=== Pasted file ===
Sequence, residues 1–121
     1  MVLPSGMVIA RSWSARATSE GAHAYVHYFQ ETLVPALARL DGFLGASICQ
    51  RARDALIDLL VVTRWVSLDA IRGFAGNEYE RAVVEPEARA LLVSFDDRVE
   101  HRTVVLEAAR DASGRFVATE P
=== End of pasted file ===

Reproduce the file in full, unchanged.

Sequence, residues 1–121
     1  MVLPSGMVIA RSWSARATSE GAHAYVHYFQ ETLVPALARL DGFLGASICQ
    51  RARDALIDLL VVTRWVSLDA IRGFAGNEYE RAVVEPEARA LLVSFDDRVE
   101  HRTVVLEAAR DASGRFVATE P